It was Steve Jobs who once opined that to make a meaningful impact in the world, “you have to be burning with an idea, or a problem, or a wrong that you want to right.” For Adam Abdulraheem, popularly known as PharmaCopious, a 500 Level Pharmacy student and president of the Pharmaceutical Association of Nigeria Students (PANS), Ahmadu Bello University (ABU), Zaria, Kaduna State, what drives his passion, is the desire to be a public healthcare provider and ultimately join national politics so as to serve the less privileged in the society. In this interview with ADEBAYO OLADEJO, the young scholar who was born and brought in Zaria, highlights the peculiarities of studying Pharmacy in the northern part of the country, as well as the achievements and plans of his administration. Excerpts:
Why Pharmacy, out of several other health-related courses you could have studied at the university?
My drive to prefer Pharmacy is its multidisciplinary nature. Despite Pharmacy being a tedious course of study at the university, it is still the most loved, luxurious, satisfying and most versatile profession in the healthcare space. It is only a pharmacist that produces a product and also renders a service, the medical doctor only offers service and so do the nurses and other members of the healthcare team.
How did you become PANS-ABU president?
The journey started towards the end of my 300 Level days, as a result of advice from my friends and different members of the faculty to contest for the office of financial secretary, which was my first official role. I worked with the then president, Pharm. Suleiman Muhammad Gidado, and his successor, Sen. Huzaifah Ahmad Muhammad, as financial secretary and secretary-general respectively.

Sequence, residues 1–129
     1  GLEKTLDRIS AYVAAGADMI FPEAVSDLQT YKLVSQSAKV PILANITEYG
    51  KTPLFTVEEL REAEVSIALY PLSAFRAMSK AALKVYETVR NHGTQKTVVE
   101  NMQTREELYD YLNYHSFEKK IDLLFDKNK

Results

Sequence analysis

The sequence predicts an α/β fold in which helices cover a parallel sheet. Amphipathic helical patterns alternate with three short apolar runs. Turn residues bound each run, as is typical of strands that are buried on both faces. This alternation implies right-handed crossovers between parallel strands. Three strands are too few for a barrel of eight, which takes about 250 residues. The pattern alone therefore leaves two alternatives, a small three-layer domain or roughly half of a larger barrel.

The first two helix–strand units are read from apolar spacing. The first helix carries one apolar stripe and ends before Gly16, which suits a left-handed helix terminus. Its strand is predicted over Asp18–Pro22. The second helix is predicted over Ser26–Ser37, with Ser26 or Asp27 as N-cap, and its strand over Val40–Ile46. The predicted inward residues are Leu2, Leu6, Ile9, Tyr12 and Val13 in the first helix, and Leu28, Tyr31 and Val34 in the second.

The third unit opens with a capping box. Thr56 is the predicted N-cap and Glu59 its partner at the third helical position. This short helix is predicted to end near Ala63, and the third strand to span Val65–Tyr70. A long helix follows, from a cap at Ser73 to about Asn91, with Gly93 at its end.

I gathered exuberant experience from the administrations and that forms the basis for my aspiration to contest for presidency. The trust that PANSites had in me was what motivated me to run for the post of president.
It can be tough combining studies with active involvement in other activities, how have you been coping?
It’s very tough and rough, but I plan my activities. I attend most lectures and practicals but use most of my nighttime to plan ahead. I know myself, so I usually read a day or even a night to an examination or test. Despite the hardship, being in the forefront and as a voice and representative of entire students of the faculty, I have to work the extra mile to ensure the stability of both the academics and leadership.
That’s the beginning of the future; one must surely be a leader someday, today or tomorrow. For me, it has started and the experience is becoming an inspiration to do more and soar higher.
What achievements have you recorded and what challenges have you encountered so far?
So far so good, I have achieved a lot from the inception of my administration to date. The most important of this is rendering support to PANSites in need of moral, academic and financial support. With support from our patrons and mentors, I have been able to complete 50 per cent of my agenda within the first quarter of my administration, though most of them have not been launched due to the halt in academic activities. Immediately after resumption, the projects shall be a surprise to all.
The few I can mention here are free registration support for newly admitted students where we make all necessary uploads, photocopy and printing of documents; editorial publications; bringing the first-ever PANS e-library to the limelight; refurbishing the Pharmacy Garden; provision of teaching and learning aids to classes; financial aids to students to enable them to pay school fees; and many more academic and welfare interventions.